There's a problem that has occurred to me that I haven't seen discussed anywhere: I don't think people actually wants to assign zero probability to all hypotheses which are not Turing computable. Consider the following hypothetical: we come up with a theory of everything that seems to explain all the laws of physics but there's a single open parameter (say the fine structure constant). We compute a large number of digits of this constant, and someone notices that when expressed in base 2, the nth digit seems to be 1 iff the nth Turing machine halts on the blank tape for some fairly natural ordering of all Turing machines. If we confirm this for a large number of digits (not necessarily consecutive digits- obviously some of the 0s won't be confirmable) shouldn't we consider the hypothesis the digits really are given by this simple but non-computable function? But if our priors assign zero probability to all non-computable hypotheses then this hypothesis must always be stuck with zero probability.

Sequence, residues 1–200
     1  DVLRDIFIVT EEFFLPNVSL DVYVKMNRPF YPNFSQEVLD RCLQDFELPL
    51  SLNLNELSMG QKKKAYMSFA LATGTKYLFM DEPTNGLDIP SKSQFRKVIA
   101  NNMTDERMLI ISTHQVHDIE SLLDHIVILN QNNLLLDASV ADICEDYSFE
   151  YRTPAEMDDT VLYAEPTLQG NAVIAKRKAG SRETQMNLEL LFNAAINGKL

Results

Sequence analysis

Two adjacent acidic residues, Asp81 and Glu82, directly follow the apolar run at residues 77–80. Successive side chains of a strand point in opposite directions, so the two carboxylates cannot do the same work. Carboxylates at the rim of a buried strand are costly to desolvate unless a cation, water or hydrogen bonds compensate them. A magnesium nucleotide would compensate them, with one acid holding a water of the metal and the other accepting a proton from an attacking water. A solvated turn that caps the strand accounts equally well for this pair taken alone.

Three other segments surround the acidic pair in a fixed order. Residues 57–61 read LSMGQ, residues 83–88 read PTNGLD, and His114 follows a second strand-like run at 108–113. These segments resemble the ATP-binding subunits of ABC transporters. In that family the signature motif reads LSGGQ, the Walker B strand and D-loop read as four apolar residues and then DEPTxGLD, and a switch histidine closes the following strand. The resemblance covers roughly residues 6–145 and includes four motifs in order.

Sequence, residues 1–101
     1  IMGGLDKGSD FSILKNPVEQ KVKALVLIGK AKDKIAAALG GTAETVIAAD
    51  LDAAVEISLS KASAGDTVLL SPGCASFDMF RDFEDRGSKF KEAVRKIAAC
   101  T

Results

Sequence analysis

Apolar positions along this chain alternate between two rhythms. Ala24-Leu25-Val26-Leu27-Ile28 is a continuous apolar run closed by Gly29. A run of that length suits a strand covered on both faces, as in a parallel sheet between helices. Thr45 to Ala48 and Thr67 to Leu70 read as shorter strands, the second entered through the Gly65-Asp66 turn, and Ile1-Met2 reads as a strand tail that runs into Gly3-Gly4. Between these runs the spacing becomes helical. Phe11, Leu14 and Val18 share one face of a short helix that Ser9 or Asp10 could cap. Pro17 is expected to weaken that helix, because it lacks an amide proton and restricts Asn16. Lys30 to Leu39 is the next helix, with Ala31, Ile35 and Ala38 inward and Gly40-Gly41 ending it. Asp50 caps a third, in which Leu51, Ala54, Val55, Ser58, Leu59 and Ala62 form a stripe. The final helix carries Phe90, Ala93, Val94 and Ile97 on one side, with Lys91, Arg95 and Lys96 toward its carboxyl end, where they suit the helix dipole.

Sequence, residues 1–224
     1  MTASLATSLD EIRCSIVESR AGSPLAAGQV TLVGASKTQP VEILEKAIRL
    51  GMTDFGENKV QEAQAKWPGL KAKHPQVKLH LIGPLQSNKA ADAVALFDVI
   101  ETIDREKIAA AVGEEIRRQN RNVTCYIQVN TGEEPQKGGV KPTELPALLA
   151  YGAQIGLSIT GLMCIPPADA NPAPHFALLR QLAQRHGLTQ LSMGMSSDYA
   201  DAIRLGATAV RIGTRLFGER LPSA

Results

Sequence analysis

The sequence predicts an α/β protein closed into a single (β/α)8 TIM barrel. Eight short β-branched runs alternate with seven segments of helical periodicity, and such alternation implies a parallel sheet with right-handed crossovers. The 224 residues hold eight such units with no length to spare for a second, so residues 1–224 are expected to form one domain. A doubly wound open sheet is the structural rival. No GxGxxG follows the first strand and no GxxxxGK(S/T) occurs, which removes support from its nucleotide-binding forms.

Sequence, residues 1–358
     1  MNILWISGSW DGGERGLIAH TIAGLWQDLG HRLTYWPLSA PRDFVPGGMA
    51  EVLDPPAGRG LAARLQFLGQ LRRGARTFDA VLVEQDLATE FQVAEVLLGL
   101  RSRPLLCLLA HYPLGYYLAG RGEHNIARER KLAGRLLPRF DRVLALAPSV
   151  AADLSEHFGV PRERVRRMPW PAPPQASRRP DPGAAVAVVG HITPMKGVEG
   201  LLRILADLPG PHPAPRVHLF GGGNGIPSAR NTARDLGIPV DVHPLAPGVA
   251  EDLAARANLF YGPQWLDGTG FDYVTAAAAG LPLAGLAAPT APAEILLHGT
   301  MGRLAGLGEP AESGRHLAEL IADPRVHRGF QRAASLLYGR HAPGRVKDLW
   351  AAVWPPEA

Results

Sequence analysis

If the universe is finite we could approximate this function with a function which was instead "Halts within K" steps where K is some large number, but intutively this seems like a more complicated hypothesis than the original one.
I'm not sure what is a reasonable prior in this sort of context that handles this sort of thing. We don't want an uncountable set of priors. It might make sense to use something like hypotheses which are describable in Peano arithmetic or something like that.